The word "emcee" comes from "master of ceremonies" (or mistress, of course.) That's worth reflecting upon when choosing an emcee to take the stage at your next fundraising event. You want someone who presides gracefully over this festive occasion, with enough mastery to both be a focus of attention and to keep the proceedings running smoothly and pleasantly.
But too often, the person chosen for the important role of emcee is the opposite of masterful. He or she may be dull, long-winded, convinced that he or she missed a calling as a standup comedian, or reticent about reining in other long-winded speakers or would-be comedians.
The results can dampen the success of an otherwise well-planned fundraising event. Unhappy guests may leave early, lose enthusiasm about participating in, say, auction bidding, and perhaps not return the following year.
So don't just say a relieved "yes" to whoever is suggested as a likely emcee, even if the pickings seem slim. Choosing who occupies this make-or-break role should be given high priority. Here are some guidelines to help.
Learn from the common mistakes made by other nonprofits:
1. Don't default to your executive director or board president. It's possible that he or she would be fine for the role. Nevertheless, it’s worth reviewing past performance or talking to others. Perhaps it might be time to let the E.D. or Pres enjoy sitting in the audience this year?
2. Don't assume a celebrity is up to the job. The old "I know someone who knows Mr. Bigwig!" can seem all very exciting, espeically at a small nonprofit that doesn't have many connections. But before you leap, take a closer look at the celebrity's actual speaking experience, if any. Is he or she a famous author who prefers the humble solitude of a garret? An actor or TV personality whose lines are always prescripted and handed to him or her? Such a person may, by chance, still be a good emcee – but ask around before you commit, or look for a YouTube video of the prospect doing something off-the-cuff and unscripted.
3. Don't leave the choice until the last minute. This process of coming up with ideas and vetting your prospects won't happen overnight. Also, famous or important people have busy schedules. Your best bet for finding the best person for the job is to start well in advance.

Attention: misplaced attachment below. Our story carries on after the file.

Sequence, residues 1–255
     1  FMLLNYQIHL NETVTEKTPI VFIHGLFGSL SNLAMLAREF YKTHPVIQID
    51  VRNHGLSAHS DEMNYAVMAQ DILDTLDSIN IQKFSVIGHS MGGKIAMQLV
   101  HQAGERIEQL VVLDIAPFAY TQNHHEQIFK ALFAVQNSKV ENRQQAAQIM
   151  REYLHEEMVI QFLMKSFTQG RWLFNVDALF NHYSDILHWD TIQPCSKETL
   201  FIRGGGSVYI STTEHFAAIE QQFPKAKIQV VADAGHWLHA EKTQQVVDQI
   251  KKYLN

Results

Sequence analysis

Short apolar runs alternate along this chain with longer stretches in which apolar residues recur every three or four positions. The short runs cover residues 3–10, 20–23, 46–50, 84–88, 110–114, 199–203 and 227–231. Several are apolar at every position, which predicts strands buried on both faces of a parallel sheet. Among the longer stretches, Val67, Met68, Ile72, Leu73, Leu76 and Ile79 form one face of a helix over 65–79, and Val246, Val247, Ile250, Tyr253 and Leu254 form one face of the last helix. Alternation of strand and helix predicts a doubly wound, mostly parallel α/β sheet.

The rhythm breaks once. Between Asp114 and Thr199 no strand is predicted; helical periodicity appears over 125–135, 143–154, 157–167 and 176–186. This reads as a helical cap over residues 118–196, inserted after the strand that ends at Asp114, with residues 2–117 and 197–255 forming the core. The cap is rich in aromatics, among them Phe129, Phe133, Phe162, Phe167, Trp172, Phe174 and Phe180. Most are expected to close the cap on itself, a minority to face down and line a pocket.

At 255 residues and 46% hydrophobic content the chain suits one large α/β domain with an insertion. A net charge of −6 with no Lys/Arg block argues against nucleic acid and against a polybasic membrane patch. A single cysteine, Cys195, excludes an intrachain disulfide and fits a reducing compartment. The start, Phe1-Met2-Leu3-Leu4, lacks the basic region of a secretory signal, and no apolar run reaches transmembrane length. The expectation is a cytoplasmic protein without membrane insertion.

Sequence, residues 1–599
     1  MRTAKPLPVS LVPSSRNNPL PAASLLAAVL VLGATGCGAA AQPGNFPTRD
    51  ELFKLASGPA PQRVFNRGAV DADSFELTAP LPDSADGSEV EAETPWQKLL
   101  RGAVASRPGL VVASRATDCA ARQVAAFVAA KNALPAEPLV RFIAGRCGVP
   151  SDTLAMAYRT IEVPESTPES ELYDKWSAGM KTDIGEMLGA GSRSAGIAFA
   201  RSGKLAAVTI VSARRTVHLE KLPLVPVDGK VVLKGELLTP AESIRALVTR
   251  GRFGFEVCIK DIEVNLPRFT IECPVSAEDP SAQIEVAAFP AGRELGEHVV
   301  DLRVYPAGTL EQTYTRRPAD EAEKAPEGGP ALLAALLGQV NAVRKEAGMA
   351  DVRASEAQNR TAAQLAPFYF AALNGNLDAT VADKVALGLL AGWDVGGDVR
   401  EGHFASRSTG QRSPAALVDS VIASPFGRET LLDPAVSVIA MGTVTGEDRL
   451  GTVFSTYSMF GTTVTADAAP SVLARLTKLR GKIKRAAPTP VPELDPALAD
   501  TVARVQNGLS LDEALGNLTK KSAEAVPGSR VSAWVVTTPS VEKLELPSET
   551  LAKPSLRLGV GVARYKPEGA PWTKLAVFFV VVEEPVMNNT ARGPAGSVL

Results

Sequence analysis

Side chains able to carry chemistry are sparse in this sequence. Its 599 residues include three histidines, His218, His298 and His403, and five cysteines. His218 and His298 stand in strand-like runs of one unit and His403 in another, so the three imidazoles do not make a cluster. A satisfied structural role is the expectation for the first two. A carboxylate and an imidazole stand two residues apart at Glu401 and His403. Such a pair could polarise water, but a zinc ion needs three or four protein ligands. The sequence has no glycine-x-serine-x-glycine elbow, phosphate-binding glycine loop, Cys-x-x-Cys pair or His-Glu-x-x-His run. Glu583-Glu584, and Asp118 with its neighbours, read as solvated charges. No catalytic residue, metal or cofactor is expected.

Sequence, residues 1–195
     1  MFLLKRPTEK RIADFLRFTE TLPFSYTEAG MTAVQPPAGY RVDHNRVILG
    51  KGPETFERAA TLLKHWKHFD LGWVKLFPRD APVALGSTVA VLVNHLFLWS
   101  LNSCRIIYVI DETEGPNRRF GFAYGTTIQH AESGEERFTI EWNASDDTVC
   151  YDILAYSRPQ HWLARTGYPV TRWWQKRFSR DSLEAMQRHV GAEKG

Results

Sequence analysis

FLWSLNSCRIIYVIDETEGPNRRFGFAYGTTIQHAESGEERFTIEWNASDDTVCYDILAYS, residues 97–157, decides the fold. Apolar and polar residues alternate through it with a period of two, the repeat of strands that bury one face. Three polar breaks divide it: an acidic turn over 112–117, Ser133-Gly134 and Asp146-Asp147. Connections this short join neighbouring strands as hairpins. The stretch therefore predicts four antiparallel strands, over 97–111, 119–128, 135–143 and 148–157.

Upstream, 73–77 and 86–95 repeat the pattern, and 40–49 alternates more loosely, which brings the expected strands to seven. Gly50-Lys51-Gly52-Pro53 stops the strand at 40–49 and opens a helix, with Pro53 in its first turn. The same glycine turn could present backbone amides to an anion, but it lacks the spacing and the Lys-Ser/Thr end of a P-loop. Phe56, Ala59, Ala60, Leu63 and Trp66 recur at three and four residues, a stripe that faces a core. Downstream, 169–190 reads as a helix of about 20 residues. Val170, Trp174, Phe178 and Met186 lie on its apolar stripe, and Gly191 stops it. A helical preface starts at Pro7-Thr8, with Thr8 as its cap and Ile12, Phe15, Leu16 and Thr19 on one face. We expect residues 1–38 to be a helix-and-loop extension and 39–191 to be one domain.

Here are some ways to raise your chances of finding a good match.
1. Consider what tasks and challenges your emcee will need to handle. The duties of event emcees vary based on the type and scope of the event itself, and partially dictate who you’ll be looking for. For instance, while some emcees may need to do no more than read the introductions for a few speakers, others may be asked to prepare those introductions themselves. The emcee might also be asked to give direct encouragement to the audience to donate, or perhaps bid at an auction. (Note, however, that asking an emcee to also serve as auctioneer is not recommended.)
2. Write up a checklist of qualities you're seeking. That will depend partly on exactly what responsibilities you want your emcee to handle, as discussed above. Typically, however, the ideal emcee is an effective, energetic communicator with a good speaking voice, watchable, able to manage unexpected situations with aplomb, occasionally funny (yet with a countervailing sense of propriety), able to follow instructions well (you're going to need to provide the emcee with a timetable of activities and rules, such as when to cut speakers off), and passionate about the cause your organization serves. Even after all that, you want the emcee's personality to be a good match for the style and tone that your organization is trying to convey. Refer back to your checklist before you reach out to invite someone.
3. Cast a wide net. The ideal is to bring in someone who is closely tied with and passionate about your organization and the cause it serves. At the same time, the best person for the job may have little connection with your organization, or be a past contact who is unknown to current staff and event planners. Explain what you're looking for to your board, staff, professional contacts, and volunteers, and ask for suggestions. If you end up approaching someone with whom your organization has had little prior contact, be ready to give a solid pitch as to what your organization does and why he or she might enjoy serving as its face for a night (and hopefully in maintaining future contact). Also be ready to say what's in it for the emcee – at a minimum, free dinner (or whatever is being served) for him or her and a guest. Some emcees may also expect an honorarium.
For detailed information on special event planning, see The Volunteers' Guide to Fundraising; Raise Money for Your School, Team, Library or Community Group (Nolo).